As he prepares to reach a double century of Grand Prix starts, Scuderia Ferrari German driver and Tifosi idol Sebastian Vettel admitts to still suffering pre-race nerves, talks about the magic of Ferrari and explains why he’s his own harhest critic.
Look back at images of Sebastian Vettel from the 17th of June, 2007. The then 19-year-old, on the eve of his Formula l debut at the United States Grand Prix, was gifted a baby bottle and a bib with the words ‘a star is born’ emblazoned across it. Now, the four-time Formula One world champion is an Fl elder statesman who this weekend becomes the 18th member of an exclusive club of drivers to reach the landmark of 200 Formula 1 starts. The awkwardness of youth and inexperience is long gone, as is any sense that he is not in command of his situation or his position in the scheme of things. In its place, there is the assured calm of a multiple champion, the focused, unshakeable confidence of a driver with 48 wins and 50 pole positions to his name.
While 10 seasons and 199 grand prix starts might have passed since he first lined up on the Formula 1 grid, Sebastian Vettel remains a man in love with the task at hand: leading the line for Ferrari, pushing for another tilt at ultimate glory and fixing the odd vintage motorcycle along the way. Here is Seb’s full interview from the 2018 Bahrain GP race programme
Here in Bahrain you’re starting your 200th grand prix. It’s quite a milestone for any driver. How does that number feel to you?
Sebastian Vettel: “Nowadays, at 30 years old, you already are a more experienced driver, while if you look back at the history of Formula 1, for example. Juan Manuel Fangio wasn’t even driving when he was 30. To me, when you’re quick enough you’re old enough, and you’re not too old as long as you’re quick enough.
How do you feel about the sport now? Do you still wake up on the morning of a grand prix with pre-race nerves?
Sebastian Vettel: “After a few years you learn how to deal with the excitement and tension before a race, but a healthy tension is part of the sport and competition, and also a reason why I like it. So, yes, I still get nervous and excited.”
Cast your mind back to the US Grand Prix in 2007 – do you recognise that Sebastian now? Can you remember what you felt going into that weekend?
SV: “The whole thing came as a bit of a surpose to me, I didn’t have a lot of time to prepare as (Robert) Kutuca’s accident had just happened the week before, but I from what I remember I was ready and very focused. I tried to get the maximum out (of the car) and I was happy to bring home a point. Fortunately, Red Bull gave me a chance afterwards, with Toro Rosso, to continue in F1.”
Knowing what you do now, what would you tell that Sebastian about Formula 1 and how to manage it?
SV: “Nothing really. The path is the most exciting bit. Shortcuts are boring. I believe the most important thing is that you enioy what you do and never think too far ahead.”
It’s your fourth season at Ferrari – what does that mean in terms of your role within the team? Has It changed? Are you a leader? How much can you drive processes within a team? Where does your influence start and end?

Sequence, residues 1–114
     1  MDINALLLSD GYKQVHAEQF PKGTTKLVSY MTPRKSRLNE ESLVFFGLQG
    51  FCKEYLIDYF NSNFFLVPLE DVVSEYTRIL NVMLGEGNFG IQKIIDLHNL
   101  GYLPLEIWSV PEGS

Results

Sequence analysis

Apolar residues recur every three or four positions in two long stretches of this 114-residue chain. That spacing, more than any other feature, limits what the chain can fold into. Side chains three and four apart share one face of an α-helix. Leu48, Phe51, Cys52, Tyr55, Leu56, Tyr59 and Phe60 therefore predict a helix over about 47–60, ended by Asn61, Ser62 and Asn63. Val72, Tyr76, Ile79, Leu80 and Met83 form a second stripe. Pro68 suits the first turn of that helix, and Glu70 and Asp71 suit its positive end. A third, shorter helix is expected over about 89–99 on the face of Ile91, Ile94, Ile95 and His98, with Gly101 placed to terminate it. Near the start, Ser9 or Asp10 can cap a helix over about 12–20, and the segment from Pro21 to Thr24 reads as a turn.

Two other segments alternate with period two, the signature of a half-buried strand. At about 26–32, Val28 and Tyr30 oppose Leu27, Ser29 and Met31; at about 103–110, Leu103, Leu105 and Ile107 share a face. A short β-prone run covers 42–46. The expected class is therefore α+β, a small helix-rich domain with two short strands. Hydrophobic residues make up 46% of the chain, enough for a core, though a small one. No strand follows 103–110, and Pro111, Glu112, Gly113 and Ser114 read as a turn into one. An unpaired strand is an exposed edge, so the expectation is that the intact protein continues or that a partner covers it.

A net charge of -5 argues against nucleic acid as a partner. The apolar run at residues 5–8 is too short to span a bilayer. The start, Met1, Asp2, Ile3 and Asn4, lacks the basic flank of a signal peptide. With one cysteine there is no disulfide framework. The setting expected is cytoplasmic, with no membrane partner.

SV: “As far as I’m concerned the key role of a Formula 1 driver in a team is to drive the car and focus on your job, not to try and lead the team. But I believe everyone is a part of the team and can make a difference. So, I try my best to make a difference too.”
You have always spoken quite eloquently about the passion of Ferrari and its fans. Define your passion for Ferrari – what did it mean to you growing up?
SV: “I remember Ferrari since I was a child and have always wanted to drive a Ferrari. With my family I visited Fiorano one day, but of course I could only watch what happened from behind the fence without any interaction. So now, to be part of the team is the coolest thing ever.”
Was choosing to drive for Ferrari a heart or head decision for you? And can the heart sometimes lead you to impulsive decisions you might regret?
SV: “I would say both: it came from the heart because of my passion since I was a child, but also from my head as I wanted to get back to the top together with the team. Every Formula 1 driver wants to drive for Ferrari and win with Ferrari.”
Looking at this season, there are relatively stable rules, you have a stable team with no major changes in terms of set-up, and there’s room to exploit the potential shown last year. Is this the Ferrari you’ve been waiting for?
SV: “I am happy with Ferrari, I think last year we made a huge step forward and we want to keep on improving. For sure I have enjoyed being part of this development process. About this year, it’s too early to tell.”
Another stable aspect is the driver line-up. Tell us why Kimi Raikkonen is a good team-mate on a personal level. You two seem to home good understanding…
SV: “We respect each other. We are both straightforward and we don’t hide anything from each other. There’s no politics and there’s no nonsense.”
The pressure on you was intense with Red Bull and it’s even tougher now, as Ferrari is always under such scrutiny. Do you feel it more these days? How hard is it to shut the pressure down and does it ever explode?
SV: “No, not at all. I have higher expectations for myself than anyone else. Ultimately, I am my own judge and don’t care too much what people thnk. If you do well, you know how wel. If you mess up, no one knows that better than you.”
Can you enjoy what you do? Where is the fun in Formula One racing for Sebastian Vettel?
SV: “Yes, of course I enjoy what I do. We get to drive the fastest cars in the world and race each other.”
Finally, Lewis arrives at the paddock on a Ducati Monster, you’re on a vintage motorcycle. What does that say about you both and tell us about your love of old bikes.
SV: “I guess it tells you that he likes a Ducati Monster and I like old bikes! Full stop. I like old bikes because they are harder to ride and easier to fix.”